The significance of the title Shakespeare’s Sister

Shakespeare’s Sister’ is a remarkable short story written by the English writer Adeline Virginia Woolf (25 January 1882 – 28 March 1941).

The title refers to a section of Virginia Woolf’s feminist essay, A Room of One’s Own, in which she argues that if William Shakespeare had had a sister of equal genius as a woman, she would not have had the opportunity to make use of it.

More Notes: Shakespeare’s Sister

To illustrate what might happen to a talented woman if she were to showcase her skills in the professional world, the author created a story about a fictional girl named Judith, who could be Shakespeare’s sister. In a straightforward yet poignant narrative, Wolfe describes Judith’s journey from childhood to professional life.  It is assumed that although Judith was not allowed to attend school, she was able to learn to read and write through her brother’s books. Finally, after reaching adulthood, when Judith is threatened with forced marriage, she flees to London in search of a career in the theatre.  But unfortunately, she fails to get any encouragement from the cruel professional world and is ridiculed at every step. She was humiliated to such an extent that she was forced to surrender her mind, body, and soul to the dirty intentions of the theatre manager.

More Notes: Adeline Virginia Woolf

In the given text, Woolf uses her fictional technique to describe Judith’s miserable life and thereby makes a comparison between her career and that of Shakespeare. At first, she explains all the factors that helped Shakespeare reach his highest peak of success. She describes Shakespeare’s early education, leaving his family for London to try his luck, his instant employment in the theatrical world, his ability to earn money for himself and become rich, etc. On the other hand, Judith is portrayed as a victim of a man-orientated society that deprived her of her proper education, discouraged her from reading and writing, allowed her no privacy, and gave her no opportunity to choose a career.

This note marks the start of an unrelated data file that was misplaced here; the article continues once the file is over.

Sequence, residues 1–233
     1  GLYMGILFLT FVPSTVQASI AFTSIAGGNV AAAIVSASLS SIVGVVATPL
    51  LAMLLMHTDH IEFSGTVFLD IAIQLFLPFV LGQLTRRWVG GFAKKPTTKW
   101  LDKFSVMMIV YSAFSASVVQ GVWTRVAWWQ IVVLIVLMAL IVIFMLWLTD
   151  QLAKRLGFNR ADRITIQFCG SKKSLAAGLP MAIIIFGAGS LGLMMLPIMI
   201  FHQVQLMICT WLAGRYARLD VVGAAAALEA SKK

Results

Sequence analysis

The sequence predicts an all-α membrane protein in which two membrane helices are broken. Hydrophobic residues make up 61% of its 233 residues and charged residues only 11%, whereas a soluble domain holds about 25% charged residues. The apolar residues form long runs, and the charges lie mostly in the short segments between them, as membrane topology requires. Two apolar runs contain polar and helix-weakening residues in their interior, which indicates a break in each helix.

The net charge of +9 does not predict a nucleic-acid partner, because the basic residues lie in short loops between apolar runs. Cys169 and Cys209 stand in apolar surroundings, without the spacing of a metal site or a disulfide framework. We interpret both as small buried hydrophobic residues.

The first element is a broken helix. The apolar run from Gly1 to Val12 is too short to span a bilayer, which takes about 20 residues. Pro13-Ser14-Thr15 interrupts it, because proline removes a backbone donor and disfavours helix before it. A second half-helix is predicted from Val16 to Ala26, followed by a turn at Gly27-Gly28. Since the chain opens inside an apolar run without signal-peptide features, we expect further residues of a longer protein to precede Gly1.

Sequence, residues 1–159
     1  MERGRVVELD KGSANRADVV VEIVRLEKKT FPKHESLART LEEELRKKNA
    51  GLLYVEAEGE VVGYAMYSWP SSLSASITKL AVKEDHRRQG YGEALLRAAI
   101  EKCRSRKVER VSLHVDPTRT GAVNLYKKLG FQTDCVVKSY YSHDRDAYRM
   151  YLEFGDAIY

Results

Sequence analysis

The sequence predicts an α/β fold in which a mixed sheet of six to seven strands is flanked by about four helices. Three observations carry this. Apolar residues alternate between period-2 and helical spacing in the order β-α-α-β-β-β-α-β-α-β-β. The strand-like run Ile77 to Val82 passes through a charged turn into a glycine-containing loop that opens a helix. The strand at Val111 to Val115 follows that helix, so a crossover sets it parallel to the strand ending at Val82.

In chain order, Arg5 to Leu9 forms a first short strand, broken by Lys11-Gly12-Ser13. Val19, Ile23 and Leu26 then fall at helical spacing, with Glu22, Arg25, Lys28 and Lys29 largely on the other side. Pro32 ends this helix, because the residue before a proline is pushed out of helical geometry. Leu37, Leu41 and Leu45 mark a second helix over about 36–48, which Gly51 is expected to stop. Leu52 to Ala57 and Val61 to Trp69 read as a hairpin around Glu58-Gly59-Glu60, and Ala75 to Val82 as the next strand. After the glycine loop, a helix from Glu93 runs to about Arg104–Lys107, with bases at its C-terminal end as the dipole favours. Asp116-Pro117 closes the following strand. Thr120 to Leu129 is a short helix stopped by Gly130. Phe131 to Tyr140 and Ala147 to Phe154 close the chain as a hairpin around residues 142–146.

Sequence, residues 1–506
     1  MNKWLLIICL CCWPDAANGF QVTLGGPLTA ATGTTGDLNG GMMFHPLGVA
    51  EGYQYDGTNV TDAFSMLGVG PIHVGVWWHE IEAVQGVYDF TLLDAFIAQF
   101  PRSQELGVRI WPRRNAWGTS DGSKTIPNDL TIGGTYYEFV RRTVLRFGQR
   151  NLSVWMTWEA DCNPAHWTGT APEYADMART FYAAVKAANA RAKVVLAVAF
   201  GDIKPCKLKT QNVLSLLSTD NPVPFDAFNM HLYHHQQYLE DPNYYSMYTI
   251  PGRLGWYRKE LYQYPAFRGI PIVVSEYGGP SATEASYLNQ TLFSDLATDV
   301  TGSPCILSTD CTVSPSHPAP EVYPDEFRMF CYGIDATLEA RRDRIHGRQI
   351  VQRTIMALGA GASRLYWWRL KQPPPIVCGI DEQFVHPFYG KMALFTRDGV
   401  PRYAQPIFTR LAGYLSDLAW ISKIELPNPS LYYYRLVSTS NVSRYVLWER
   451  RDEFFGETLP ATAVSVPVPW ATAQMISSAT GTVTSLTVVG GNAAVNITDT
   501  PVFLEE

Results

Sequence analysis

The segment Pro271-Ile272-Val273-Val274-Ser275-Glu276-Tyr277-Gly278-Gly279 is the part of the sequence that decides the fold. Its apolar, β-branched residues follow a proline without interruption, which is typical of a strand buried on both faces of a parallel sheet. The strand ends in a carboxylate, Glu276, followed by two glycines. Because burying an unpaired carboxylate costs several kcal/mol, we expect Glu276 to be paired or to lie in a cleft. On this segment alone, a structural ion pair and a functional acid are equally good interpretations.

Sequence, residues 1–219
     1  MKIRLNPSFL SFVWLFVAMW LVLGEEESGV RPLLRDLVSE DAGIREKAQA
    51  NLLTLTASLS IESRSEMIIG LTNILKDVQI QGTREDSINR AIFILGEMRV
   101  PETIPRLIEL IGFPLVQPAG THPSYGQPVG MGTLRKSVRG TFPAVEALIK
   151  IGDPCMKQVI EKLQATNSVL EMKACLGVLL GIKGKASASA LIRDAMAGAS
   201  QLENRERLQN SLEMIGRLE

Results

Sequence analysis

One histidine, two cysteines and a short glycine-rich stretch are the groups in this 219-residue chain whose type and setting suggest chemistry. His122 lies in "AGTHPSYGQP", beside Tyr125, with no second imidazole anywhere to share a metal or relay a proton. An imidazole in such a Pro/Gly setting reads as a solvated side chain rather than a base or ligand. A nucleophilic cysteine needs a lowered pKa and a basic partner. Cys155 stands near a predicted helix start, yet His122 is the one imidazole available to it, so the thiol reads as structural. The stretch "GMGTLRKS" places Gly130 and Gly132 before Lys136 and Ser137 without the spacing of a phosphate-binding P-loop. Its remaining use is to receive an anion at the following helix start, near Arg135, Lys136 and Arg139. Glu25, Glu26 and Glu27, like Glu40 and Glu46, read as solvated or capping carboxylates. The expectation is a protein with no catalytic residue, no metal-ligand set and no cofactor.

Judith gives us a poignant picture of the pain and suffering of a woman deprived of her rightful rights and privileges in the Elizabethan world.  Virginia Woolf was able to establish the fact that genius depends on certain conditions, which are material and social. She states that Shakespeare is often presented as a pure genius who transcends all circumstances and surroundings. In contrast, Judith’s failure in life can be traced back to historical, social, and economic reality.

The author has very artistically crafted a story about the life and destiny of a budding artist of the Elizabethan era. Though The narrative is very poignant and touching, it gives a good account of what happened to such geniuses in that era. Potential female artists were wholly ignored and despised by men of authority.  Her prowess in creative activities was insulted for no reason.  She would be reprimanded for her ambitious ventures and often had to succumb to the sexual advances of the opposite sex.  The mental agony of the helpless woman and the despair caused by the social harassment was enough to break her mind.

Finally, we may assert that the title “Shakespeare’s Sister” is entirely justified because the author has presented Shakespeare’s sister as the central character in the essay. The entire plot is woven around this character.  Throughout the essay, the main point of reference is Judith’s description of her plight.

Rashedul Islam
Rashedul Islam

Hi, This is Rashedul. Researcher and lecturer of English literature and Linguistics.

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